Bring On The Bodies
For some time now writer and editor Martin Edwards has been unearthing rarely seen crime gems from the British Library, and looking at the history of the British crime novel in volumes like ‘The Story of Classic Crime in 100 Books’ and ‘The Golden Age of Murder’, the latter concerning the badly behaved author-members of the Golden Age’s exclusive Detection Club.
PD James felt that you could better understand England in the 1920s through murder mysteries than by reading prize-winning serious novels. The authors often exposed their own prejudices, their political and sexual leanings through their whodunnits, accidentally creating a snapshot of those class-riven times.
Now comes another set of anthologies, ‘Bodies from the Library’, which dig deep into the British Library stacks to find forgotten stories, selected and introduced by Tony Medawar. His discoveries prove pleasingly memorable, with missing tales from Agatha Christie, AA Milne, Margery Allingham and Anthony Berkeley.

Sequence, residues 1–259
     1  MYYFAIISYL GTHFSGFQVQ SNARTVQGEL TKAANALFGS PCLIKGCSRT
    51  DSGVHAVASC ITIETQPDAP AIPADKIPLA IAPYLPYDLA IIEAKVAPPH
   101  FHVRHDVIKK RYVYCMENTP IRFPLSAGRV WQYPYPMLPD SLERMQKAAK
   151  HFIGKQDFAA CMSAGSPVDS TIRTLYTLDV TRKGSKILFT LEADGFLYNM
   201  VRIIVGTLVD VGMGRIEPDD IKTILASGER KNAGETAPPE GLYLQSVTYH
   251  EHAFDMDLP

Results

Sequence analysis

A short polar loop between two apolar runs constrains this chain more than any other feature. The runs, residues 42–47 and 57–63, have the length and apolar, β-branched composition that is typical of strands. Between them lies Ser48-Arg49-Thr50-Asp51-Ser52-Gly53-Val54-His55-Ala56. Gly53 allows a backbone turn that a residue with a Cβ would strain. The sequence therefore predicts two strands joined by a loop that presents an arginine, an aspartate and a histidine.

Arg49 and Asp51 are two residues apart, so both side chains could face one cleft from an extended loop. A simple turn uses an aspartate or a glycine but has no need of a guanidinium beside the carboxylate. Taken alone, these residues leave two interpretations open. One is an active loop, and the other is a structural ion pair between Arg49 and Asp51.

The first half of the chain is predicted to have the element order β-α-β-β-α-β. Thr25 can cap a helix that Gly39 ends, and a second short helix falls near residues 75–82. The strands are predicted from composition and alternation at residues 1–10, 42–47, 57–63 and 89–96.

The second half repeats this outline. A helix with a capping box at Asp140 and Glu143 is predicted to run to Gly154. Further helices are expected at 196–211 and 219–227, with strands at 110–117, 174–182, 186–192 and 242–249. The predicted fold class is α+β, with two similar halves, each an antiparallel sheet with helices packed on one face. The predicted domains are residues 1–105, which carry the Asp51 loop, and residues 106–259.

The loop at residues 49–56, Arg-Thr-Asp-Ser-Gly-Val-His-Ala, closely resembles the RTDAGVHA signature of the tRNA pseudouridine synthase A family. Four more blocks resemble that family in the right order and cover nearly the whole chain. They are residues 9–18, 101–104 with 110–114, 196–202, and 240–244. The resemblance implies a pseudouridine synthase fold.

Even better, there’s a lost novella from Edmund Crispin, with newly exposed highlights from Dorothy L Sayers and Ngaio Marsh. Some authors’ tales, like those from John Dickson Carr, can feel rote and lazily tossed out on a wet Wednesday, but these are chosen with care, and the series has become essential to anyone interested in Golden Age crime.